By Seth Daniel
Berkeley Street is no doubt a major gateway into the Back Bay and downtown areas these days, with thriving businesses and tourists trekking on foot, but the infrastructure has not kept up with the times, and many members of the community are waging a campaign of improvement.
The Ellis South End Neighborhood Association identified the brick sidewalks between Tremont and the State Turnpike Bridge as a major public safety problem and began some time ago advocating to make some improvements.
This year, David Crowley said, they were successful in getting the City to set aside the necessary funding to take on the project, which is now ongoing.
“We’re trying to improve the streetscape, which has been neglected over the years by the City,” he said. “There was some funding available to improve the sidewalk bricks, which were in tough shape. People had told us they had a difficult time walking there and some people said they had fallen. The repairs seem to be going pretty well and it’s a major improvement on the street.”
Already, the brick sidewalk repairs have been completed on the west side of Berkeley, and are currently under construction on the east side of the street. An additional piece of the project is adding handicap accessible ramps to the intersections.
Sam Chambers, liaison to the Mayor’s Office for the neighborhood, said he fully supported and advocated for the public works project.
“I think it’s a great project due to the fact that Berkeley Street is a gateway avenue for people coming into the South End from the Back Bay and other neighborhoods,” he said. “I wish to thank Public Works for quickly making these improvements to the streetscape and think the new sidewalks will only enhance the neighborhood.”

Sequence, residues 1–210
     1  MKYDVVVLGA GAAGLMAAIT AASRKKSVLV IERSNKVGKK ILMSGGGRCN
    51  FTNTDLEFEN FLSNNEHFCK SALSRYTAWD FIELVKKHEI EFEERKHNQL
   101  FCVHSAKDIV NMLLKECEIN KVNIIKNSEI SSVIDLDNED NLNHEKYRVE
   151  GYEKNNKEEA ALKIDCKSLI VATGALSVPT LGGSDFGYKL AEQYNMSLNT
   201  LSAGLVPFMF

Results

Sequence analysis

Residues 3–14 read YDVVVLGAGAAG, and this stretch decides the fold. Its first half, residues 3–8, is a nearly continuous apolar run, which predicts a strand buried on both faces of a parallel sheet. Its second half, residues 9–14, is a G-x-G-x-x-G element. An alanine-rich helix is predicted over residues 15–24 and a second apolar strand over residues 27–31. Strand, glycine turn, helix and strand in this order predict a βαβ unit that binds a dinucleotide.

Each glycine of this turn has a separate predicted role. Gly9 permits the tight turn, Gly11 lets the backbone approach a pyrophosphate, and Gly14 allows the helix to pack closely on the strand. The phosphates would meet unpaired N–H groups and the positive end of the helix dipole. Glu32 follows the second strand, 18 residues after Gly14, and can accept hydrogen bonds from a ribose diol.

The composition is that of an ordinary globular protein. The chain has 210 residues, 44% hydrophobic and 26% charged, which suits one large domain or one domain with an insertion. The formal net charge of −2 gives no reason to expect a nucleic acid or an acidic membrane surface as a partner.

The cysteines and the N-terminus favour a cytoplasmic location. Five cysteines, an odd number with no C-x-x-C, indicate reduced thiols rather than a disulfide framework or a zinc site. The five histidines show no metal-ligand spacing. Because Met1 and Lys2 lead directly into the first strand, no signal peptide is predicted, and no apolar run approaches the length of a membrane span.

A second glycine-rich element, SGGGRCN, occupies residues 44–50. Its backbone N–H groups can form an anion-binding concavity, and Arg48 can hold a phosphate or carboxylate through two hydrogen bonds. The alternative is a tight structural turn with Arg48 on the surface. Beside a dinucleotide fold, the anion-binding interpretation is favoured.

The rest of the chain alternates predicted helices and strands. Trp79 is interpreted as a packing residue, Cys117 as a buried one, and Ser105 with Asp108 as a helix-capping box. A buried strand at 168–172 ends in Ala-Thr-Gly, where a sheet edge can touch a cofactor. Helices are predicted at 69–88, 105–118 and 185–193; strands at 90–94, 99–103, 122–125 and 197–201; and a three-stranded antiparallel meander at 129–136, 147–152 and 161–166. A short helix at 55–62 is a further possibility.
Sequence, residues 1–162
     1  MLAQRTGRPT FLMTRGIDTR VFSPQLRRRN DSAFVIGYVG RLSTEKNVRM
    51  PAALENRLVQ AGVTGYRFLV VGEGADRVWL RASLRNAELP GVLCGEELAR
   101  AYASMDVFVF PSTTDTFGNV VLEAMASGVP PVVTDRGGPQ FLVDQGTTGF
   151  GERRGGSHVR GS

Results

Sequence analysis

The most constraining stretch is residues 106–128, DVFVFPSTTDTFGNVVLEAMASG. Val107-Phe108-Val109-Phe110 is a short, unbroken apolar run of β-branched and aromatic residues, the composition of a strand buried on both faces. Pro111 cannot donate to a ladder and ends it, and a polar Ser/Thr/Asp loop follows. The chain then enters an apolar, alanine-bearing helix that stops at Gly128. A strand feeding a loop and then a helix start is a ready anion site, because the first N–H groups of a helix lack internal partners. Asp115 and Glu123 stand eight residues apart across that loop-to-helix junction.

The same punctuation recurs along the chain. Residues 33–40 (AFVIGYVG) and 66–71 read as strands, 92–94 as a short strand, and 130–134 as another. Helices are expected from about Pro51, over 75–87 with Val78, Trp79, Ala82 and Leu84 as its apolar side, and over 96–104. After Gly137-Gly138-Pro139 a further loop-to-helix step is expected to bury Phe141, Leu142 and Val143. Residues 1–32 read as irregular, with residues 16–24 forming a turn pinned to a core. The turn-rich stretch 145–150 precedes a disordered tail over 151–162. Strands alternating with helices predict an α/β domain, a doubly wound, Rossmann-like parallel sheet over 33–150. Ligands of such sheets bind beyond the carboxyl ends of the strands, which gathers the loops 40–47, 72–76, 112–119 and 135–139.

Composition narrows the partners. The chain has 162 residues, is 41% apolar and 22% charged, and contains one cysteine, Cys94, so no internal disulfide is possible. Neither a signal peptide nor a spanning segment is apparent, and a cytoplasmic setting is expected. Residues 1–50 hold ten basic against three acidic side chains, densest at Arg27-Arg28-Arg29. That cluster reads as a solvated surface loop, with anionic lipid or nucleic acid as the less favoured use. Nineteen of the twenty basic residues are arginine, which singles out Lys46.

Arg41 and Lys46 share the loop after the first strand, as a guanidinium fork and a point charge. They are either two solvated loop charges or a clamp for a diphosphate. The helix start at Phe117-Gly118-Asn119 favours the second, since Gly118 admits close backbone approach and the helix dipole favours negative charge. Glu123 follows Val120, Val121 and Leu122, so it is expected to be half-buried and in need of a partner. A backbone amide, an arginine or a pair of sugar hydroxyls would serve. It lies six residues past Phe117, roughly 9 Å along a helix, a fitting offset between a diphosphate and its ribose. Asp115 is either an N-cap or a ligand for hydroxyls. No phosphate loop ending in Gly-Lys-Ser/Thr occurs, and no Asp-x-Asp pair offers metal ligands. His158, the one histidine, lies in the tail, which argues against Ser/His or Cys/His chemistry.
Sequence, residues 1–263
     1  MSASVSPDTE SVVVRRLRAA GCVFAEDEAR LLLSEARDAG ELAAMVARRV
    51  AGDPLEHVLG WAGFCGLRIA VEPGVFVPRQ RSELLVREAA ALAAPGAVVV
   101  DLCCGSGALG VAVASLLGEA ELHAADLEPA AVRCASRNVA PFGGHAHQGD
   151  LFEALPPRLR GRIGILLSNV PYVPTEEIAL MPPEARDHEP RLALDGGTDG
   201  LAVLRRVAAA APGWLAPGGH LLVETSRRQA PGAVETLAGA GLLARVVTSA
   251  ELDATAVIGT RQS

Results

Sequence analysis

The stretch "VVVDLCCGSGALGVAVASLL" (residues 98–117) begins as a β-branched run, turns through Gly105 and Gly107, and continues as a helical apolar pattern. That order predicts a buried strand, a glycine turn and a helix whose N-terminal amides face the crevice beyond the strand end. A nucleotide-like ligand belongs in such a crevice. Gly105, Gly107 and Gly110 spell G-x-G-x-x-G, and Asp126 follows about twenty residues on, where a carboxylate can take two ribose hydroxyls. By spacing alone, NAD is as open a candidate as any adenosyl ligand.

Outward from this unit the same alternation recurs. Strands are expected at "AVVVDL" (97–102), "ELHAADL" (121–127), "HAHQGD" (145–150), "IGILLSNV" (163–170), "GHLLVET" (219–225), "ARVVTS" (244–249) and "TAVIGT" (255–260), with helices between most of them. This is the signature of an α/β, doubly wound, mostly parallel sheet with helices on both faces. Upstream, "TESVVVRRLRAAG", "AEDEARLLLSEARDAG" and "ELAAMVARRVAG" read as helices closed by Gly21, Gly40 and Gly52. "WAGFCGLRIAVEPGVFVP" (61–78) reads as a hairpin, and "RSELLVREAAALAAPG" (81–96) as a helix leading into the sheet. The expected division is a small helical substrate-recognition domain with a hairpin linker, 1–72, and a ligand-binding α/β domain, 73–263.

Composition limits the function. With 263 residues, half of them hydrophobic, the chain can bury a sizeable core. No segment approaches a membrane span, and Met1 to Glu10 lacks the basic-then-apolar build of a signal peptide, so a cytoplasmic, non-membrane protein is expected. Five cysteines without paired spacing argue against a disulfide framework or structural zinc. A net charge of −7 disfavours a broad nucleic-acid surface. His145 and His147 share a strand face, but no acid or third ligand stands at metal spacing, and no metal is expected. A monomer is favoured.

However, the project doesn’t end there, and probably an even more important part of the project (and expensive part too) is to get more and better lighting on the street.
Currently, Crowley – head of the public works committee of Ellis – remarked at how dark the stretch is despite the heavy foot traffic, the two hotels and numerous thriving businesses.
He noted that from Gray to Appleton Streets there are no streetlights at all, and from Tremont to Appleton there is only one streetlight. He added that the Bridge – which falls under state jurisdiction – has only one streetlight.
“That’s all just not up to today’s standards and it becomes a public safety issue,” he said. “The rest of the neighborhood has nice, acorn lighting…but for some reason that stretch of Berkeley Street has been forgotten…It’s bereft of lighting and it’s a busy, active street with many businesses and two hotels and a lot of tourists from around the world. It’s a relic of the 1950s.”
He did say, however, that they were very happy with the brick work, and believes that the cooperation there will lead to similar cooperation around the lighting problems.
Finally, Ellis is looking to initiate an Adopt-a-Tree program for organizations and local businesses on the Berkeley Street corridor. The hope is that companies, businesses and even residents might take charge of a street tree or two to keep it healthy and maintained.
The sidewalk improvements are expected to be done by the end of the year.